Have you been looking for an informal get-together to talk about science over a coffee (or something stronger)? Well, look no further than the Beverley Science Café: our local Hull branch of the international network Café Scientifique. This unique monthly science escape aims to present the latest “hot-button” topics in science and technology in a way that is accessible for everyone, while encouraging questions and informal discussion.
The Beverley Science Café meets on the last Wednesday of the month at 7:30pm in the upstairs function room at “Nellies” (aka. The White Horse Inn) in Beverley. A typical session consists of a short talk (20-30 minutes) by an invited guest speaker, followed by a Q&A session. Aside from the venue, you’ll find the Science Café talks are different to conventional university lectures, as speakers are asked to make their presentation without using PowerPoint! A welcome omission for anyone experiencing PowerPoint fatigue.
Each meeting usually finishes around 9pm, but attendees are welcome to stay for as long as they would like. The Beverley group averages around 30-40 attendees from many different backgrounds, including students. They have a group of regulars who attend every session, regardless of the topic, as well as people with a specific interest who come on a ‘one-off’ basis to hear a particular speaker’s talk.
The Beverley chapter was founded five years ago by Mark Lorch, Professor of Chemistry at the University of Hull, and since Spring 2016, has been in the capable hands of three co-chairs: Dr Natasha Bhatia, Estuarine Ecologist and Socio-Economist at the Institute of Estuarine and Coastal Studies; Dr Isabel Pires, Lecturer in Biomedical Science and Head of the Hypoxia and Tumour Microenvironment lab, and Dr Gareth Few, Research Fellow at the E.A Milne Centre for Astrophysics.
Dr Natasha Bhatia told us: “Café Scientifique is great way of learning more about a topic you’re interested in, or learning something completely different, in an informal way. Speakers are encouraged to present their topic in an accessible style, which means we get a wide range of people in the audience – this always makes for interesting discussions!”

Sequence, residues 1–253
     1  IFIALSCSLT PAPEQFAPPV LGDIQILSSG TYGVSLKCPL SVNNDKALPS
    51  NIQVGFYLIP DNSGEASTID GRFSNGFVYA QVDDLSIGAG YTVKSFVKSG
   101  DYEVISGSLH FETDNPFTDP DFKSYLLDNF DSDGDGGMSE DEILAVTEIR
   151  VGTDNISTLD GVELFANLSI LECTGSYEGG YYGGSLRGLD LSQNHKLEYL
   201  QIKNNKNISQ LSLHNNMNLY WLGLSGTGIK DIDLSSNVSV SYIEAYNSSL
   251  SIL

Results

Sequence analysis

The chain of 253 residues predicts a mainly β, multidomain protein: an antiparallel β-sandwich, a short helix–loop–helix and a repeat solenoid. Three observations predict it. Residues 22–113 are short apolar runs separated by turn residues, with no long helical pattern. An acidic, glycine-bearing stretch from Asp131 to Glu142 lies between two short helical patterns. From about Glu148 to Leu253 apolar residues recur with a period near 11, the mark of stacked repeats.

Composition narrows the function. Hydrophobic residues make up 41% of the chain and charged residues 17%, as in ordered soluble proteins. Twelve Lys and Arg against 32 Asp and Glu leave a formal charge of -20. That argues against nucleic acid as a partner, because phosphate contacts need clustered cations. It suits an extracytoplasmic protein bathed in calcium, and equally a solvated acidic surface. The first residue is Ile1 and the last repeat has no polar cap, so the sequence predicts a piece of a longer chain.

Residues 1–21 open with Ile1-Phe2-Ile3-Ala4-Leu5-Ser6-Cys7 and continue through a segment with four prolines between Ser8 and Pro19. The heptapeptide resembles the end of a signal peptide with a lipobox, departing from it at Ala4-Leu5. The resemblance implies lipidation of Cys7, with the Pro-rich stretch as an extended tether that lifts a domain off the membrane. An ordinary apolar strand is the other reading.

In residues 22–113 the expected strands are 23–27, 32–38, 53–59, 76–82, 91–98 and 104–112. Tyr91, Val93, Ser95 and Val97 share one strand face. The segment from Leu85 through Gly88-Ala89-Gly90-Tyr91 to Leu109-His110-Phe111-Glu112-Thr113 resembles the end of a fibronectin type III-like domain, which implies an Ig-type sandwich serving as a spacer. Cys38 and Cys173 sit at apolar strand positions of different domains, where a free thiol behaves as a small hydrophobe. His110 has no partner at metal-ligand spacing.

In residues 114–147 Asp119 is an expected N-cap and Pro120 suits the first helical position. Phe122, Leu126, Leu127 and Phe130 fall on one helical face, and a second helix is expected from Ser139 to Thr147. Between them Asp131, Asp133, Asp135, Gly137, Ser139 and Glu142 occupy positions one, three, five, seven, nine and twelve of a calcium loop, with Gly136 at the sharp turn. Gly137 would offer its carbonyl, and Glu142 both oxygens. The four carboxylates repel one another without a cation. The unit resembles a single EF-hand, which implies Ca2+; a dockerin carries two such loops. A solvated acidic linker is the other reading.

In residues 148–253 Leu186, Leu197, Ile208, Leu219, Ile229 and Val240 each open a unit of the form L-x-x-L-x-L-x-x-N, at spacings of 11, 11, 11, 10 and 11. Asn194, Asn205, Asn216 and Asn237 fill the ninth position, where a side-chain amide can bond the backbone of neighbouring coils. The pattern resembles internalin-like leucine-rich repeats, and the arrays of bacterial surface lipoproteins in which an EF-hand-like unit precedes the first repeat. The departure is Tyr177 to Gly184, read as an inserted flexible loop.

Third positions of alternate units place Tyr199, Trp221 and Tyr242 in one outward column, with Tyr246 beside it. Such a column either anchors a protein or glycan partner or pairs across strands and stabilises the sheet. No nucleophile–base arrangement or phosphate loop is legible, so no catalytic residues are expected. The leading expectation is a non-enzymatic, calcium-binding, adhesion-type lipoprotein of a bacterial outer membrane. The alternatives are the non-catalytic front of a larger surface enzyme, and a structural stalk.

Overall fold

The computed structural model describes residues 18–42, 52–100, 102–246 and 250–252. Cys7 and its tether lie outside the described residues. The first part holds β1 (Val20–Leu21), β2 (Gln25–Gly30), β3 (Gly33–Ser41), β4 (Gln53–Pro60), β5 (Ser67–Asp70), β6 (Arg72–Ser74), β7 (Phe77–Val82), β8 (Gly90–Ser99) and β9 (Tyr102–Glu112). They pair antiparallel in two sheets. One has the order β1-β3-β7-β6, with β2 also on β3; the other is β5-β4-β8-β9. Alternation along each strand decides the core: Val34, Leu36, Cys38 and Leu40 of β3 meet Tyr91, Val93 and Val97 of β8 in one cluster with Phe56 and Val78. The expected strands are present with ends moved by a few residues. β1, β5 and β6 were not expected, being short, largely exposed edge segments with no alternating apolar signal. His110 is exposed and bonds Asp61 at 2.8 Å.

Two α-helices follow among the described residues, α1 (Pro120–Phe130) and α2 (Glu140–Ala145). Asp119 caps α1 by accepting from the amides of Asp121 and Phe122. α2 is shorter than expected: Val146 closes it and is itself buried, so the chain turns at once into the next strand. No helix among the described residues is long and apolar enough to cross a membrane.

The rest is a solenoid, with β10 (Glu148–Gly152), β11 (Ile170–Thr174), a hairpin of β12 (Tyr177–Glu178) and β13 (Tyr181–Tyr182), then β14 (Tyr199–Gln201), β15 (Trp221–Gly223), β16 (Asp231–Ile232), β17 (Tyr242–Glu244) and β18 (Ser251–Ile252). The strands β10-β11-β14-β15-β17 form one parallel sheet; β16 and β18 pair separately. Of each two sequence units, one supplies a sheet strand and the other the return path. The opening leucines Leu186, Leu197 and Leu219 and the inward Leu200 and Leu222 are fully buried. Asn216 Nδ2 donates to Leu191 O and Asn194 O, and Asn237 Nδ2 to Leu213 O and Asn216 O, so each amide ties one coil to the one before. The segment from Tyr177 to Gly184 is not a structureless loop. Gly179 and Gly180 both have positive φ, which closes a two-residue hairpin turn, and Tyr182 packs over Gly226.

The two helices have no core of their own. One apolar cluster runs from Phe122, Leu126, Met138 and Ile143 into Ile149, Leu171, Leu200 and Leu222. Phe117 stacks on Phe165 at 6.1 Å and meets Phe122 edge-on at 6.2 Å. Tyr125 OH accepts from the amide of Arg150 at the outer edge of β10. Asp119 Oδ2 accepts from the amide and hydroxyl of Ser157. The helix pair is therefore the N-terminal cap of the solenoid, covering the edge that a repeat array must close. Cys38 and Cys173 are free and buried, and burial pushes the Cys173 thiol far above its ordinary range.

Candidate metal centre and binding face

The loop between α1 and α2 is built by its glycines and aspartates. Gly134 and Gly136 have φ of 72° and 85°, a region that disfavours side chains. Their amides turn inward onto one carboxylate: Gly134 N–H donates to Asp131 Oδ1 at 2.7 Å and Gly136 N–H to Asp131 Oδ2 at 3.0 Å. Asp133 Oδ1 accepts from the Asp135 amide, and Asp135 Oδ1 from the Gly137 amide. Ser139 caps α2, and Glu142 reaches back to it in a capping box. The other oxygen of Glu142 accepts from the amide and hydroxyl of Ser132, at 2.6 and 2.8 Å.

Previous topics discussed at the Beverley Science Café include stem cells, heart disease, personalised medicine, nanotechnology, climate change, and even aliens! Last month’s guest speaker was Ann Hutchinson, Research Fellow in Palliative Oncology at HYMS, who talked about her research on ‘living with breathlessness’.
Ann told us: “I was very pleased to be offered the chance to speak at the Café Scientifique because it is a place where members of the public can come to learn about our research, and we can see their response to our work.
“I spoke about the experience of living with breathlessness: something very few people know anything about and yet it affects millions of people in the UK! There are widespread effects of living with breathlessness that can make it a difficult experience, but also many ways of coping that can improve quality of life: moderate exercise, pacing activities, using a hand-held fan, keeping socially active, and seeking support from family, friends and healthcare professionals.”
Beverley Science Café has a diverse programme of talks lined-up for the next few months:
28th September: ‘The Assisted Reproductive Technologies (ART) of making babies’ by Constantine Simintrias (Hull York Medical School)
26th October: ‘Extinctions – Who Cares?’ – Mark Avery (Environmental Writer & Consultant)
30th November: ‘Are our seas walking the plank?’ – Alisdair Naulls (Marine Conservation Society)
For pub quiz enthusiasts, they are also planning a ‘Science Christmas Quiz’ for mid-December.
The Beverley group’s co-chairs emphasise that everyone is welcome at any of their meetings irrespective of scientific knowledge or level of study. To me, this seems like the perfect opportunity for students to explore a little further and outside their set studies in a friendly environment. So, why not come along to one of their upcoming sessions and get a taste of science for the price of a coffee.
For further information about the Beverley Science Café, you can contact the organisers via email (firstname.lastname@example.org), twitter (@Bev_Cafe_Sci) or Facebook (Facebook.com/Beverleyscience).
If you would like to attend the 28th September meeting of the Beverley Science Café and would like to travel in a group with other HYMS students, please feel free to drop me an email (hyaa16).
Alexandra Abel is a medical student at HYMS. In her spare time she enjoys reading, writing, and ukulele playing.